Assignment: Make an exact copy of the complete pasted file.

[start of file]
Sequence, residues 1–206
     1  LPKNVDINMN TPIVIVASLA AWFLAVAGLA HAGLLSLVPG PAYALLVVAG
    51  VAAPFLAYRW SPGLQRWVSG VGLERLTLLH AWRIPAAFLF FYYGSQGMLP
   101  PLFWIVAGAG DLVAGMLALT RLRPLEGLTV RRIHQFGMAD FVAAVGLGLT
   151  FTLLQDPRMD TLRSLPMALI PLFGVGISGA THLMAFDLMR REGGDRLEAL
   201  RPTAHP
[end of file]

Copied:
Sequence, residues 1–206
     1  LPKNVDINMN TPIVIVASLA AWFLAVAGLA HAGLLSLVPG PAYALLVVAG
    51  VAAPFLAYRW SPGLQRWVSG VGLERLTLLH AWRIPAAFLF FYYGSQGMLP
   101  PLFWIVAGAG DLVAGMLALT RLRPLEGLTV RRIHQFGMAD FVAAVGLGLT
   151  FTLLQDPRMD TLRSLPMALI PLFGVGISGA THLMAFDLMR REGGDRLEAL
   201  RPTAHP